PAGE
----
Sunday, December 27, 2015

QUEUE CLEANSING: Ardennes Fury (2014)

                “Ardennes Fury” (also known as “Battle of the Ardennes: Fury”)  is a mockbuster.  If you don’t know what a “mockbuster” is, neither did I until I researched this movie.  A mockbuster is a movie that piggy-backs off a major release to either fool people into buying the wrong DVD or to offer less discerning viewers more (but vastly inferior) entertainment on the same subject.  In this case, the target was "Fury".  ”Ardennes Fury” was produced by The Asylum.  It is a studio that has a reputation for straight to DVD releases like “Titanic II”, “Transmorphers”, and another queue dust-gatherer entitled “Flight World War II”.   “Ardennes Fury” was directed, written, and co-edited by Joseph Lawson.  Don’t look for him at the Oscars anytime soon.

                We are dropped into the middle of a fire fight.  Other than the title, there is no reference to the Battle of the Bulge and there is no snow to be seen.  Although low budget, they did not spare on the blanks as the opposing sides hammer away at each other across a field.  No one shames themselves by going prone and there is a lot of firing from the hip.  It’s that kind of combat movie.  The plot centers on the crew of an M4 Sherman tank and a few infantry attached to it.  While the tank waits, a group of four led by Sgt. Lance Dawson (Tom Stedham) go off to rescue an orphanage after encountering Sister Claudette (Lauren Vera).  One of the men is black, which is another clue that the Lawson is not much of a history buff.  While the snowy Battle of the Ardennes did see the rushing of black soldiers into combat, they were still in segregated units and there is no implication that Sgt. Rose (Lawrence Garnell, Jr.) has been separated from his unit.  One of the four is a boat-rocker named C.K. (Bill Voorhies) who clashes with Sgt. Dawson about ass-risking. 
black sarge and white sarge

                The movie becomes something of a chase film as the group tangles with an evil German officer who is not above executing civilians and torturing prisoners (including a rather graphic fingernail removal).  While the men and their charges are on the run, the stationary tank is taking on a series of German tanks with never a miss and nary a scratch.  All of this is happening as the clock ticks towards Operation Ardennes Fury which is to be a massive aerial bombardment of the area.  (The moviemakers seem to have confused this massive bombardment with Operation Cobra of the Normandy Campaign).  The chase whittles down our pursued until the climactic knife fight between Sarge and the bad German.  Their charge is punctuated by a P-47 dropping a bomb between them.  C.K.s redemption arc is completed as the tank comes riding to the rescue.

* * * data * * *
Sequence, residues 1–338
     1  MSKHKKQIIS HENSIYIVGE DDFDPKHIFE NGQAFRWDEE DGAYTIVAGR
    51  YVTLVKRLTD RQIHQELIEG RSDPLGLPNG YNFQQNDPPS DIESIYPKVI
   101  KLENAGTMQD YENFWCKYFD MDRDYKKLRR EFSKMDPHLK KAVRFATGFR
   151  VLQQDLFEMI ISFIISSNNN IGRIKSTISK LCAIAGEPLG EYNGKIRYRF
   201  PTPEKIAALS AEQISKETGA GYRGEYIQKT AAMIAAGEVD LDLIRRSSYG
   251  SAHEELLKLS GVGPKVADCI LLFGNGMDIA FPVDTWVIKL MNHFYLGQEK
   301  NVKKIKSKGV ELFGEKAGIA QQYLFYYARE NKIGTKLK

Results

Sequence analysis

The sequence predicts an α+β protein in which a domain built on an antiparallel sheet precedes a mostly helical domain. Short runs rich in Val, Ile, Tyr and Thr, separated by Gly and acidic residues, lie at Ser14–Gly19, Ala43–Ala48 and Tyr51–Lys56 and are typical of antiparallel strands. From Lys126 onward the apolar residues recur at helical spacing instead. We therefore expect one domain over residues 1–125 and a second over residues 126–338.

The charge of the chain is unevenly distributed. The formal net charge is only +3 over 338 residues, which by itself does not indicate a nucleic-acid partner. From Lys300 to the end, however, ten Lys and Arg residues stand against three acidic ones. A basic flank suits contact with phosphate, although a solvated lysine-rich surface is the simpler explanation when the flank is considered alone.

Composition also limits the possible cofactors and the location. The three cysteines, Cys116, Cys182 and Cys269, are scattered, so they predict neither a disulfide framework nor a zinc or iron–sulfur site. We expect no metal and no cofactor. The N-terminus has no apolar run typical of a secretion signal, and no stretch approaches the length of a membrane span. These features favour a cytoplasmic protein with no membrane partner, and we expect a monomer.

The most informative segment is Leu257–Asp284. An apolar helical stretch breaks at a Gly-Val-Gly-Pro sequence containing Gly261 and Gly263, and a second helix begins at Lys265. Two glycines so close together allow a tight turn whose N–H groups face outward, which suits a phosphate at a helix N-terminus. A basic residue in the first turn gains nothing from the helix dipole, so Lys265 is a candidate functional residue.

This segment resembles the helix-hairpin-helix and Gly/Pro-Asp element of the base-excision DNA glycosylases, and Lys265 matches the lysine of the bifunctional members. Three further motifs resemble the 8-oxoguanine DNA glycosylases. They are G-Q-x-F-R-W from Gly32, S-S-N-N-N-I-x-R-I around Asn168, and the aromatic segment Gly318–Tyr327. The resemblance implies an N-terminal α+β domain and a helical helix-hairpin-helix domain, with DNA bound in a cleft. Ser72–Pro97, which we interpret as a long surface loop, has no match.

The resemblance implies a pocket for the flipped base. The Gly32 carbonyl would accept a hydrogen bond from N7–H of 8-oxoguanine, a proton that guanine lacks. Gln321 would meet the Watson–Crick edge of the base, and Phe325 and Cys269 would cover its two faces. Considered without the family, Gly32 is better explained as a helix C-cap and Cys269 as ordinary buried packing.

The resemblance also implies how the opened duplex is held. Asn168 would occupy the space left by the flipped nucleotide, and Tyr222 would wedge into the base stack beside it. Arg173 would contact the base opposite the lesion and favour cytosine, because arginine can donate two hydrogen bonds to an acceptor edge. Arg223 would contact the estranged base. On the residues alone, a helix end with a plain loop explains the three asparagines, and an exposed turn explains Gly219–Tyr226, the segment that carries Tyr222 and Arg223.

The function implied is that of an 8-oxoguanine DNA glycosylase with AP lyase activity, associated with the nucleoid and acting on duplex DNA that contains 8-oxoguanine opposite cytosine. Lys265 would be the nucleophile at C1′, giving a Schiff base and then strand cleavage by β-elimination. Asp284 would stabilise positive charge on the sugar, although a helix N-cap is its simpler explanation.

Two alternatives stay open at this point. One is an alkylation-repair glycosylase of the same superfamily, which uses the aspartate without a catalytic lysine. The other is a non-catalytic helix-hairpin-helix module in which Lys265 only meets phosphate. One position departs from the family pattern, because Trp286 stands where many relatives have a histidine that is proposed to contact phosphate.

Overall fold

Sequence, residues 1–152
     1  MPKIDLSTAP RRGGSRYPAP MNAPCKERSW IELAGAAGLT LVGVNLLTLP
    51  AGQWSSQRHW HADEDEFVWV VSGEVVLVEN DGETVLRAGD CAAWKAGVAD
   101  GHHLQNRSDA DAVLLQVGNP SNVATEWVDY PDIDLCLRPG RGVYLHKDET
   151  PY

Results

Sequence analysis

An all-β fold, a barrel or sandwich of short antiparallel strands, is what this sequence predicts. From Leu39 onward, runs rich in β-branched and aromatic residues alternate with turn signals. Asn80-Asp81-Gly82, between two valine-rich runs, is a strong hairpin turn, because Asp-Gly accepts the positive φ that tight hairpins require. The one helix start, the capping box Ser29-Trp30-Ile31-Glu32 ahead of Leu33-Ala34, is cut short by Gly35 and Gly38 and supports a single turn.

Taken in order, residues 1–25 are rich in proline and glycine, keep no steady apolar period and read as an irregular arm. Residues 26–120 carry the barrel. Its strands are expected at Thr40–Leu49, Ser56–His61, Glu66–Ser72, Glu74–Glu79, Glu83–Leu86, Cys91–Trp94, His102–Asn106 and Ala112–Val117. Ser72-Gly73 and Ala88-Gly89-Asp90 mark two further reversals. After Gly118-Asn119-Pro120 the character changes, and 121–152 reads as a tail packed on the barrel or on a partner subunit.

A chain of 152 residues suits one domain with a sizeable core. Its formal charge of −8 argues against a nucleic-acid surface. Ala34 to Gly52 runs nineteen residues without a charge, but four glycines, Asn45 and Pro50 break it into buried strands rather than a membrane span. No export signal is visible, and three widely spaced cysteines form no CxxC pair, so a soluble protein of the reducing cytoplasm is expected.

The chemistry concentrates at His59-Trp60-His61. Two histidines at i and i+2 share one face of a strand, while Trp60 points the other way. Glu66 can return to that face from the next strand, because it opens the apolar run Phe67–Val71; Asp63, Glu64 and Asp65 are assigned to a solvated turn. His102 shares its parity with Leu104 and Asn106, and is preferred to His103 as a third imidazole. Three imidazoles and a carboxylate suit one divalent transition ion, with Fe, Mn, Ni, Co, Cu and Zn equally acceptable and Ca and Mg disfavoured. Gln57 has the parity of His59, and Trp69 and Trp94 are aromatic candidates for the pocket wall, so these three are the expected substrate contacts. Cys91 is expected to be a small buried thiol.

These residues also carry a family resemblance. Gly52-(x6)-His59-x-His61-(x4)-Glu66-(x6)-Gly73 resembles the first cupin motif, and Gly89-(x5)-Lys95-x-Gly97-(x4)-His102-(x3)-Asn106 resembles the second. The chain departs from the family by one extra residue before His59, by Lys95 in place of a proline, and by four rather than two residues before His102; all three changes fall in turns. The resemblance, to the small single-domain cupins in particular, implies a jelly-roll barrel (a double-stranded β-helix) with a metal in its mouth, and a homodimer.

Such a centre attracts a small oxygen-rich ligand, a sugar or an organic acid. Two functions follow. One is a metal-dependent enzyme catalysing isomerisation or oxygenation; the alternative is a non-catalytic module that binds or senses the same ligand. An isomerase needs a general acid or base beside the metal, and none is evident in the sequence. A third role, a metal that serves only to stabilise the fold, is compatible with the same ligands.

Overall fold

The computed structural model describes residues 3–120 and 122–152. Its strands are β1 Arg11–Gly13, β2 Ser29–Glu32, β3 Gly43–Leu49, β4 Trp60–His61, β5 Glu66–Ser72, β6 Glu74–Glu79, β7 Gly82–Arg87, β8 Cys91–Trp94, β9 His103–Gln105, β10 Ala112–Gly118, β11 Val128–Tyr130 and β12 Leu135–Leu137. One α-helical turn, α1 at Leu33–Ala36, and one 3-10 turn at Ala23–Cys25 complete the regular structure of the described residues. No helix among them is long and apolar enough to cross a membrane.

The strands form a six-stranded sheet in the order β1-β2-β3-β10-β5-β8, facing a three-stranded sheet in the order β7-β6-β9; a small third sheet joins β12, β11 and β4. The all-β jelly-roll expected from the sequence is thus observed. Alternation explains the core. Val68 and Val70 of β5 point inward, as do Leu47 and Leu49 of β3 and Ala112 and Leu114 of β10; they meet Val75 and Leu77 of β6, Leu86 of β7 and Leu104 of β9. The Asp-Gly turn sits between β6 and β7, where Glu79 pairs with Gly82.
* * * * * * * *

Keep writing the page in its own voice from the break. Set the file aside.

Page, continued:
Now that I know what a mockbuster is, I will be more tolerant toward movies like “Ardennes Fury”.  It is what it is – a low budget rip-off.  But it is a war movie, it was “free” and streaming on Netflix, and it was entertaining in a low expectations sort of way.  The best c word for it is not cult, it’s cheesy.  The acting is amateurish, probably because the actors were amateurs (or should be).  Stedham does looked grizzled so he matches the sarge role, but his thespian skills are lacking.  The rest of the cast is game, but you get what you pay for.  They aren’t helped by dialogue written by someone who has watched too many 1940s B war movies.  Speaking of which, there are a number of classic clich├ęs that the movie incorporates.  The mission changes for humanitarian reasons.  The small group caught behind enemy lines.  The redemption of the troublemaker.  The evil German pursuer.  It’s all very predictable and unrealistic.  This is tempered a bit by the fast pace.  The music also smacks of a thousand second rate war movies.  In fact, the only thing that separates it from a cheesy Old School war movie is the CGI.  Lawson uses computers to overcome his lack of resources.  Although he managed to score a WWII era tank and a few other vehicles, most of the armored combat involves CGI.  This includes the explosions.  I guess CGI does not work well for tank interiors, so Lawson films the crew as though the tank is a convertible!  A tank with a moonroof - nice option.  Where “Fury” could rightfully brag about its use of an authentic Tiger tank.  Lawson could include several using video-game like graphics.  I will not argue that the cinematography isn’t fake looking, but what do you expect from a movie with its budget.  As CGI improves, the future of war movies is bright.  The quality will improve and with companies like The Asylum so will the quantity.  I assume there will always be enough men who want to play soldier in front of a camera.

                With all that said, although I don’t regret I watched it and did go in expecting what I got, it still is truly a bad movie.  Watch it with a six pack and you’ll guffaw instead of giggle.

P.S.  When it comes to mockbusters, it's best not to trust the poster.  (see above)


1 comment:

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